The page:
The Ancient Indus Valley: New Perspectives
This work is a revealing study of the enigmatic Indus civilization and how a rich repertoire of archaeological tools is being used to probe its puzzles. The Indus Valley gave rise to one of the most sophisticated civilizations of the Bronze Age, an extraordinarily peaceful society that developed everything from a complex political organization to sanitary plumbing to a rich mythology. Then it vanished, forgotten by history for centuries, until remarkable finds in the 1920s led to its rediscovery. The Ancient Indus Valley: New Perspectives takes readers back to a civilization as complex as its contemporaries in Mesopotamia and Egypt, one that covered a far larger region, yet lasted a much briefer time (less than a millennium) and left far fewer traces. Researchers have tentatively reconstructed a model of Indus life based on limited material remains and despite its virtually indecipherable written record. This volume describes what is known about the roots of Indus civilization in farming culture, as well as its far-flung trading network, sophisticated crafts and architecture, and surprisingly war-free way of life. extraordinary methods that have brought it back to life.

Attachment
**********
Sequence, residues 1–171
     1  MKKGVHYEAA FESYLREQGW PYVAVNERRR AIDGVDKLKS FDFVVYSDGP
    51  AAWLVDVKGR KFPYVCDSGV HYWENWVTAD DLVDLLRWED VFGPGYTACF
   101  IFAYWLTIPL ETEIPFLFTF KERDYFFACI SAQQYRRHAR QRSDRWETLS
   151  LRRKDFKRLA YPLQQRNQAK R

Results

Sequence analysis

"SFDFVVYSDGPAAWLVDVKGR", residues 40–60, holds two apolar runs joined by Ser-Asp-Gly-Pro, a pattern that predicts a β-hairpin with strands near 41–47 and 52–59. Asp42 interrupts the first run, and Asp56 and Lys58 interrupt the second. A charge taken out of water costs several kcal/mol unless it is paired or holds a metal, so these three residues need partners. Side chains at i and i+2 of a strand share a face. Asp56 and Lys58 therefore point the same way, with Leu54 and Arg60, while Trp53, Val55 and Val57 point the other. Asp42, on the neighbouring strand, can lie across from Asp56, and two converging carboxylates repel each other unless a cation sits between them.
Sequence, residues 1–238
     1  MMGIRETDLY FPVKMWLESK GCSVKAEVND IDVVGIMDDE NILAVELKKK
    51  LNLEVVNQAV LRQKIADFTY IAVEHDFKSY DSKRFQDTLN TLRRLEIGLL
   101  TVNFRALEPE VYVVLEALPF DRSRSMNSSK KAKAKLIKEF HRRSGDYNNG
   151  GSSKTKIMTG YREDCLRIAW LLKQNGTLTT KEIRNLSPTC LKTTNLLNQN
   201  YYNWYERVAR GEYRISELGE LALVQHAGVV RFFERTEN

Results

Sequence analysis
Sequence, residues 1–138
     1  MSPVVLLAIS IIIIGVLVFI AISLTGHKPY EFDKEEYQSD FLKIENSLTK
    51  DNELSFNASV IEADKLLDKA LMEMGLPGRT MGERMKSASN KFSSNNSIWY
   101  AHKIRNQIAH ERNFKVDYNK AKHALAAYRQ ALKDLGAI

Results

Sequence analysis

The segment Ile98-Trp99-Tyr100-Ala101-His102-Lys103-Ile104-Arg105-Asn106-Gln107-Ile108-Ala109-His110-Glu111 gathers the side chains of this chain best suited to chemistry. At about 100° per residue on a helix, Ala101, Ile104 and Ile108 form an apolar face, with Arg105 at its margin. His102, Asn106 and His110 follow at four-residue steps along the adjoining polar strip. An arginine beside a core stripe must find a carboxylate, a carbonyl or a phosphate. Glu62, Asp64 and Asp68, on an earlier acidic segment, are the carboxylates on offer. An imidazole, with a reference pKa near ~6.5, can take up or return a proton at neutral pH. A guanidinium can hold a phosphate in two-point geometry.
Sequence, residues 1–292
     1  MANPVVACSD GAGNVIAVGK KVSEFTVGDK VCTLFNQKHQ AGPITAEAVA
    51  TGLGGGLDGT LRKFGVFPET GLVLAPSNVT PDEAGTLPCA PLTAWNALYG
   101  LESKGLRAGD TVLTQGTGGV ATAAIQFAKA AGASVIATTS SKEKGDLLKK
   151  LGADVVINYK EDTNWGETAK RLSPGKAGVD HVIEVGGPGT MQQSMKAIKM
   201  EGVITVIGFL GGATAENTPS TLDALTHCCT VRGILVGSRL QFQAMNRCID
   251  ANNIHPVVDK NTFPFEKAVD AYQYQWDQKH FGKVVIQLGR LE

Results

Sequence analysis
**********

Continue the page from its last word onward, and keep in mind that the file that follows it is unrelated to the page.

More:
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<<The>> ancient Indus Valley new perspectivesUser Review - Not Available - Book Verdict
Written in 12 essay-style chapters, this impressive reference provides keen insights into the Indus Valley's many mysteries and traces the culture's developmental trajectory. Beginning with the ... Read full review
agriculture Ancient animals Archaeology Archaeology and Museums artifacts B. B. Lal Balakot Baluchistan bangles beads carnelian Chanhu-daro citadel cities clay copper craft cultivation culture Delhi Dholavira Dilmun domestic Dravidian east edited by Gregory excavated ﬁgure ﬁgurines ﬁne ﬁrst ﬁsh ﬂint ﬂoods ﬂoor ﬂowed greater Indus region Gujarat Gulf Harappan Civilization Harappan settlements houses hunter-gatherers identiﬁed India Indus civilization Indus period Indus realms Indus Script Indus Valley Iranian plateau Jonathan Mark Jonathan Mark Kenoyer Kachi plain Kalibangan Kenoyer known Kot Diji Kulli Kuntasi Kutch language lapis Late Harappan Lothal Magan Makran materials Mature Harappan Mature Harappan period Mehrgarh Mesopotamia millet Mohenjo-daro mound mud brick Nausharo ofﬁcial Online article Pakistan Parpola pastoralists Possehl pottery probably reﬂect rivers S. P. Gupta Saraswati Saurashtra seals Shahr-i Sokhta shell signiﬁcant signs Sindh South Asia South Asian Archaeology southern steatite stone subcontinent suggest Sumerian terra-cotta third millennium trade walls